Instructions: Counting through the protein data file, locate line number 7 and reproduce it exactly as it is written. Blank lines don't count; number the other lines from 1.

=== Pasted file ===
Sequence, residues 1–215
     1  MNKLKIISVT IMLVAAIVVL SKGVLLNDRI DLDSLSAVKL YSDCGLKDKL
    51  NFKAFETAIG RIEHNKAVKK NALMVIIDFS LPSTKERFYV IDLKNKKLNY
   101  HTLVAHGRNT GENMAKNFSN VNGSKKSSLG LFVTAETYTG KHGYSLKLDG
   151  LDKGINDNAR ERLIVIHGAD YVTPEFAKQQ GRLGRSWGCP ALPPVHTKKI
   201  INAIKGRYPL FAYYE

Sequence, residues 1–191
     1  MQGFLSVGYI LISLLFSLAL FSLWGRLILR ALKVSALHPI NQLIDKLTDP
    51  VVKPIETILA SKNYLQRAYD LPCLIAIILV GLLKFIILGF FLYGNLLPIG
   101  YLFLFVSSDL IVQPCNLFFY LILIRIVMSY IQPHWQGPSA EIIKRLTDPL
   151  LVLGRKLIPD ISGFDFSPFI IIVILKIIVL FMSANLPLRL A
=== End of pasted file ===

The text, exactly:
Sequence, residues 1–191